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Following Lance Armstrong’s bombshell Oprah interview last night — which saw him admit to doping multiple times — British newspaper the Sunday Times has said it will attempt to get money Armstrong won in court from the paper back.One of the newspaper’s sports writers, David Walsh, has pursued drug claims against Armstrong since 1999. Armstrong started a libel case against Walsh and his editor after a 2004 article, and the paper agreed to an out of court settlement with Armstrong in 2006. The Guardian reports that the settlement was worth £300,000 ($478,000) and cost the newspaper around £1 million ($1.59 million) in total.
A joint statement released at the time said:
“The Sunday Times has confirmed to Mr Armstrong that it never intended to accuse him of being guilty of taking any performance enhancing drugs and sincerely apologized for any such impression.”
Following last night’s admission that Armstrong had used performance enhancing drugs, the newspaper, owned by Rupert Murdoch’s News International, has released a new statement:
“We watched Lance Armstrong’s interview with interest and noted his numerous admissions regarding taking performance-enhancing drugs. The Sunday Times believes that our case for recovering the £1m plus he obtained from us by fraud is now even stronger. We will be pursuing that case vigorously.”
Walsh, who pursued the claims against Armstrong for over 13 years, has been speaking to the press. In an interview with NPR today he said that he finally felt vindicated:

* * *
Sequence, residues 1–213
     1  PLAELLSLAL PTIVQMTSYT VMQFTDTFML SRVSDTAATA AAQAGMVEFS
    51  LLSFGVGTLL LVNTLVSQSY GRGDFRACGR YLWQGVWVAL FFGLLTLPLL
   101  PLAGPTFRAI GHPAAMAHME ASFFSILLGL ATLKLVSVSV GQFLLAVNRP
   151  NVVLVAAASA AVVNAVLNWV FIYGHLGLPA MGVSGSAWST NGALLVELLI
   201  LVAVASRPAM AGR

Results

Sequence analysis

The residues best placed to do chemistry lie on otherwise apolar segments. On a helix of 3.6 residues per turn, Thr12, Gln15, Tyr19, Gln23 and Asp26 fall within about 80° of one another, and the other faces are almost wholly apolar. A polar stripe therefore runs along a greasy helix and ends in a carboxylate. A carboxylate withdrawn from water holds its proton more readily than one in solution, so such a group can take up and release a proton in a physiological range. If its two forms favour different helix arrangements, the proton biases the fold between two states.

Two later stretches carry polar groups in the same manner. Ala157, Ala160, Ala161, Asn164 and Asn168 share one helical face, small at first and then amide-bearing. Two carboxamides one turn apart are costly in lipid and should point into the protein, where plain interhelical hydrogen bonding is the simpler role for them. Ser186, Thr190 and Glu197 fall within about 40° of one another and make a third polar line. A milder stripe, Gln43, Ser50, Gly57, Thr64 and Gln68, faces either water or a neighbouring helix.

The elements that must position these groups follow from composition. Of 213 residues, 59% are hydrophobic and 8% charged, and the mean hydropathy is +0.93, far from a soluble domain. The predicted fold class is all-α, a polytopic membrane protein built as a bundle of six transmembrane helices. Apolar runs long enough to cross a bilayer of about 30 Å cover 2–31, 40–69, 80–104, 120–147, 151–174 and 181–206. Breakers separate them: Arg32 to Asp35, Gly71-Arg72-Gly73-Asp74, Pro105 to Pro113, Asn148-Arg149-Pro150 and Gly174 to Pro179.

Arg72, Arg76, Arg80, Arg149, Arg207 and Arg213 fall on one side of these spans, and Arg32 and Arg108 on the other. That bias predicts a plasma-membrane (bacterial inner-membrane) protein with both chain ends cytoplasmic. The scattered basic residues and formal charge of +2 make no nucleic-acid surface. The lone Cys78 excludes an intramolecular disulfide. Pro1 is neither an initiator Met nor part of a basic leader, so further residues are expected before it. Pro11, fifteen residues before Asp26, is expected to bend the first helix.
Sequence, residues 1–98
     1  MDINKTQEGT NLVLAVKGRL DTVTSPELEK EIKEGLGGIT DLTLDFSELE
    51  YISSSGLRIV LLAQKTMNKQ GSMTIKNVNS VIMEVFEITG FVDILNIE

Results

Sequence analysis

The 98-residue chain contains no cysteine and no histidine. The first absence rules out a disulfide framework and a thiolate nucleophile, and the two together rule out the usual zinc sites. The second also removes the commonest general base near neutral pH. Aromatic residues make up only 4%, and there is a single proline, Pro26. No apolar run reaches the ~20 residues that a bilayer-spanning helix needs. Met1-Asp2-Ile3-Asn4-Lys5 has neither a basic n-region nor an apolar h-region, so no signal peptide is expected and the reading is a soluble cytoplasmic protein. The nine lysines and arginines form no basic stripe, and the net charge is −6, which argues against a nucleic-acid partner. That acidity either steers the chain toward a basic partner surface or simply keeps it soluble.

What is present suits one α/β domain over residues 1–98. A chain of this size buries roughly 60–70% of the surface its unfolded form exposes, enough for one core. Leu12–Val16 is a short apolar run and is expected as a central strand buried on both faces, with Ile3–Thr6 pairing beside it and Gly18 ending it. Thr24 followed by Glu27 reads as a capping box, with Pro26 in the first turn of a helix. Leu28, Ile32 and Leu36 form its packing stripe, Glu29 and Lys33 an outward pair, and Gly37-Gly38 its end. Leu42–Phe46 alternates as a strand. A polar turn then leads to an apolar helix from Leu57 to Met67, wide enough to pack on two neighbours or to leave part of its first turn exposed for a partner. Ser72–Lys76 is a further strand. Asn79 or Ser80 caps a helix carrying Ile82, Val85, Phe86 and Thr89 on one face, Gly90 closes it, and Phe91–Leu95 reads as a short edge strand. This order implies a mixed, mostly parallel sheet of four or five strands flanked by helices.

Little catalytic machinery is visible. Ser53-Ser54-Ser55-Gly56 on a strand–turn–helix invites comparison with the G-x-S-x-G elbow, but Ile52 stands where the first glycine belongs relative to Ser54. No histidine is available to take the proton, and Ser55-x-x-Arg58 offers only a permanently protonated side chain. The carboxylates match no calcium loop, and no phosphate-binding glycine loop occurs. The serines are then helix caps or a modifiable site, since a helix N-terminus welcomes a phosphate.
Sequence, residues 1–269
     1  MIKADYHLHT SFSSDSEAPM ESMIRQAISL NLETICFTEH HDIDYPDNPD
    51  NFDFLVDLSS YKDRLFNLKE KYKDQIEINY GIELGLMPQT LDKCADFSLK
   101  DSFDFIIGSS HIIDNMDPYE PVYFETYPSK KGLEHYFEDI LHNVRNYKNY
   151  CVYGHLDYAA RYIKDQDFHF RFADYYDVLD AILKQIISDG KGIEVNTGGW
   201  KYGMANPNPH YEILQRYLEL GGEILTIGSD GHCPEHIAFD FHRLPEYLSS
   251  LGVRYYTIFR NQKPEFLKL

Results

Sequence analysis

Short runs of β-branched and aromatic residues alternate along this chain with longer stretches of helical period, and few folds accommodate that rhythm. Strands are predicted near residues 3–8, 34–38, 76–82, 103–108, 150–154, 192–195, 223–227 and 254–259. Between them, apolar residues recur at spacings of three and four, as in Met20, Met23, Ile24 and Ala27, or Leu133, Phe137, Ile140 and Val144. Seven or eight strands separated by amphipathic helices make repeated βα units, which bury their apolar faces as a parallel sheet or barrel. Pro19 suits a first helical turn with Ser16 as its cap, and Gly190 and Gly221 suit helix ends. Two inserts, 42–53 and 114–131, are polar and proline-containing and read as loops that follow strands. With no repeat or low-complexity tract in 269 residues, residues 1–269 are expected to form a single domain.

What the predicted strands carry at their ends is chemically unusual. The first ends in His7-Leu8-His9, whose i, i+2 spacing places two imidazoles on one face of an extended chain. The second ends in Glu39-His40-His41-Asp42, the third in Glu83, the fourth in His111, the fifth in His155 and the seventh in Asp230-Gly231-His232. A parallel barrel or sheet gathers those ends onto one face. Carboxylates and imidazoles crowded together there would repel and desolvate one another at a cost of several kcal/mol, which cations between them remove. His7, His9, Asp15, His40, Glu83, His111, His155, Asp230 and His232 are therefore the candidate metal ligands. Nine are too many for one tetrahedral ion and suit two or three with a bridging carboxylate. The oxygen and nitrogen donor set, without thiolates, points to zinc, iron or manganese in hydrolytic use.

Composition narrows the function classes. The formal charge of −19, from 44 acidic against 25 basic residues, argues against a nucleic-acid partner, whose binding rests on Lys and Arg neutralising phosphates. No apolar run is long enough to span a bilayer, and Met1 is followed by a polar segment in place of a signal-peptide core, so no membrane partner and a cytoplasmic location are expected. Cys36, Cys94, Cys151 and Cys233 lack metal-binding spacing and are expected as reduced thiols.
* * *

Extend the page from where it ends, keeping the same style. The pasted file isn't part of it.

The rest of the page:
“It’s satisfying because a lot of people helped me. When I say they helped me, they were my sources, they went out on a limb to tell the truth solely for the sake of telling the truth. So I felt a tremendous satisfaction that people could at last see that these people had been telling the truth all along.”
Walsh has good reason to feel good about the confession — Armstrong has, on record, insulted him multiple times. Writing in the Press Gazette, Andrew Pugh describes how Armstrong called him “a scumbag” and a “f—— little troll.”
Armstrong went on:
“I’ve won six tours. I’ve done everything I ever could do to prove my innocence. I have done, outside of cycling, way more than anyone in the sport. To be somebody who’s spread himself out over a lot of areas, to hopefully be somebody who people in this city, this state, this country, this world can look up to as an example. And you know what? They don’t even know who David Walsh is. And they never will. And in 20 years nobody is going to remember him. Nobody.”
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